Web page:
Clubhouse Change Has Lead to More Victories, Better Play
There is always talk about the “attitude in the clubhouse” and how certain players can be a “cancer” in the locker room, affecting the way a team plays and ultimately how successful they are. I have never completely bought into this theory as I feel good players are good players, no matter their attitude, and the more good players you have, the better chance you have to win. Did Randy Moss affect the Patriots in 2007? Nope. Did Manny Ramirez ever bring down the Red Sox with his antics? Two World Series trophies say no. However, whether a good player can bring down a team or not isn’t what I am going to discuss. Rather, a better question would be can a positive attitude and a generally positive clubhouse lead to improve play from mediocre to above average players and eventually take a below average team to average or beyond? The Royals through the first couple weeks of the season will have you believing attitude can change a team’s losing fortunes.
Dayton Moore as a GM has been criticized for his major league moves and rightfully so. Up to 2011 he has made no move that has yielded any result that is even close to netting the Royals more victories over the course of the season. Rather, many would argue that he has found a way to actually make the Royals worse through some of his suspect moves over the year. Moore has seemingly been intent on snatching up former Braves players and prospects and players he believes play “the right way” and represent non-quantifiable qualities he believes lead to winning, “grit,” “toughness,” “heart,” etc.
Possibly no player represents this better than Jeff Francoeur. Frenchie has been described as nothing but a great guy and great to have around the clubhouse. A solid rookie year followed by a few mediocre ones has made it hard for Frenchie to find a place where he truly fits and is loved by the fans alike. He has his faults (Alex Gordon-like plate discipline) but you cannot deny that with his positive attitude and stand-up demeanor people respond to him positively. Radio hosts on both 610 and 810 have mentioned how much of an impact he has had on the club in the early going. Other players noted how they looked to him as a true leader, one who led by example with is play in the field and backed it up by being a true team player in the clubhouse.
Frenchie is not the sole reason that there has been a change in the clubhouse though. Bill Simmons, a writer for ESPN.com, has something he calls the “Ewing Theory,” which put into simple terms is addition by subtraction. Sometimes a team can be too defined by their star player and once that player is gone they can prosper without having to always be focused on that one player and what he brings to the team. This theory doesn’t come into play much in baseball but there is rarely a better candidate than Zack Greinke. Since leaving the Royals it seems they have a new and different energy about them. People like myself who have lived in KC their whole lives and never seen a winning Royals team (outside of the 2003 anomaly) will attest to the fact that this team just plain feels different. Part of it is Greinke gone, part of it is Frenchie here, part of is Manager Ned Yost, part of it is the team finally realizing that this is their time and they are tired of losing and being laughed at. This team is different.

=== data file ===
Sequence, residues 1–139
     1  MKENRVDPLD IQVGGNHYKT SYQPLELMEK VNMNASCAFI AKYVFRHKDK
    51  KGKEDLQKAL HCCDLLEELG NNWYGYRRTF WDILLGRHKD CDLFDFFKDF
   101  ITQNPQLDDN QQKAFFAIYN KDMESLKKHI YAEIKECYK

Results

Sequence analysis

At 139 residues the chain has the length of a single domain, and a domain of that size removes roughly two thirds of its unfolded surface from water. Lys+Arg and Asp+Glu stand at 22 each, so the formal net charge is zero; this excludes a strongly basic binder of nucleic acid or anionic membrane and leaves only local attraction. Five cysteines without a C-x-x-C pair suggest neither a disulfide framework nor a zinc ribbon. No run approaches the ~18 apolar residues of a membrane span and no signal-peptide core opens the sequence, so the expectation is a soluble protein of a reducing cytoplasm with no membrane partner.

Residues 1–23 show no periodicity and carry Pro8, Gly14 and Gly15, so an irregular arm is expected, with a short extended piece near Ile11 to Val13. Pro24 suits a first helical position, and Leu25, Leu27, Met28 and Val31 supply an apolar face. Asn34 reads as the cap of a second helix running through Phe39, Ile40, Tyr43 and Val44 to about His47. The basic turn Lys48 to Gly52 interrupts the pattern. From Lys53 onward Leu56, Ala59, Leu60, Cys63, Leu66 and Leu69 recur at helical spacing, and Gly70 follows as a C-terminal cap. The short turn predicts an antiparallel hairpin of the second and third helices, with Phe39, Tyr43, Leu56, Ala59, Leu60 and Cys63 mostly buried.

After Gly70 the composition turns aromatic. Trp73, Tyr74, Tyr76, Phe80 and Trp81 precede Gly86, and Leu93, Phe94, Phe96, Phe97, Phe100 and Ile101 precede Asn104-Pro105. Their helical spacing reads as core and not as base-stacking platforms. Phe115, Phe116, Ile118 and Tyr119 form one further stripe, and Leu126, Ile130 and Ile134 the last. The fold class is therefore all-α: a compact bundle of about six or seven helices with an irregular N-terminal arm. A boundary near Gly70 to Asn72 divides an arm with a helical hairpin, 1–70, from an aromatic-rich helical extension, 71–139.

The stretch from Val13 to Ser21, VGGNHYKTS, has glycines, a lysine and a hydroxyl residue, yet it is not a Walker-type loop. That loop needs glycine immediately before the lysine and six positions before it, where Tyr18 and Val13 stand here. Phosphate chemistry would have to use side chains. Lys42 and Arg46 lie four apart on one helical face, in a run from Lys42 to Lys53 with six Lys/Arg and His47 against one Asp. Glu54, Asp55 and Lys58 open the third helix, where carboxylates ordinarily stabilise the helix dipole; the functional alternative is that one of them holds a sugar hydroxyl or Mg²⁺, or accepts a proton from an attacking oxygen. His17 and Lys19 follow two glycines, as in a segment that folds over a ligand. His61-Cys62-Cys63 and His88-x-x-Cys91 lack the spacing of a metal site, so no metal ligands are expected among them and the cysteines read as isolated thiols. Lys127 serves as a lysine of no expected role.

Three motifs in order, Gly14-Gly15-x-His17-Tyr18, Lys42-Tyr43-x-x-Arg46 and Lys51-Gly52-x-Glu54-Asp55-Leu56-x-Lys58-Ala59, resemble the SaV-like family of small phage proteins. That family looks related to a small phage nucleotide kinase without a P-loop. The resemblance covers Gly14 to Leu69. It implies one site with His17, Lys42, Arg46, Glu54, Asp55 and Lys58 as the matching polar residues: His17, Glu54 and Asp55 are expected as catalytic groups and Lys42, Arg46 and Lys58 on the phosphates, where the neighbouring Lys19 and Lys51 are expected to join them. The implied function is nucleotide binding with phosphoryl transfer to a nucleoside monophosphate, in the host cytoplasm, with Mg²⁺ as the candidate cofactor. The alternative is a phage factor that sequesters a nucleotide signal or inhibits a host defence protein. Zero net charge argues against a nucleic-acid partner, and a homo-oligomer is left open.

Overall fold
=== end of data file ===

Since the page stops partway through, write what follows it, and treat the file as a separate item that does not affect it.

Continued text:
Nearly universally this team was regarded as a top candidate for a 100 loss team at the start of the season. Most pundits didn’t give the Royals much of a chance to win more than 65 games at best. There is a lot of baseball to be played and who knows how much they will actually win but at this point every player on the team believes they can keep this going. In years past would the Royals have been able to come back after Soria blows a save and take the game to 13 innings? Would the Royals be able to battle back after being down 5 runs within the first 3 innings? No and no. In years past the Royals would have hung their heads in those situations and found themselves mired in a losing streak as they cruise their way to the cellar. But not this year.
Players have decided that all those pundits don’t have to be right. The team doesn’t look at itself and its weaknesses and become hopeless. This team has the mentality that no matter what happens they believe that are in every game. The youth around the clubhouse is no doubt a big part of this but I think most of it will belong to Ned Yost. Yost has been here before with a young Brewers team earlier in the decade and he has exemplified some of the good traits of a manager that Trey Hillman never had. His players are buying in to what he’s selling and it’s showing on the field.
Gage wrote earlier this week comparing Kila to Pedro Cerano from Major League. I offer another parallel to ‘Major League’ with this team. The team in that movie didn’t get any new players throughout the year, they simply changed their attitude and started to believe they could actually win. ‘Major League’ is just a movie but fact of the matter is it does a good job of showing how a team can change its fortunes by changing its attitudes. I haven’t bought in completely, and I still don’t think the Royals will be able to contend this year, but I have come around on the idea that this team is never out and will always have a chance. After an entire lifetime of not having chances, that is something I welcome with open arms.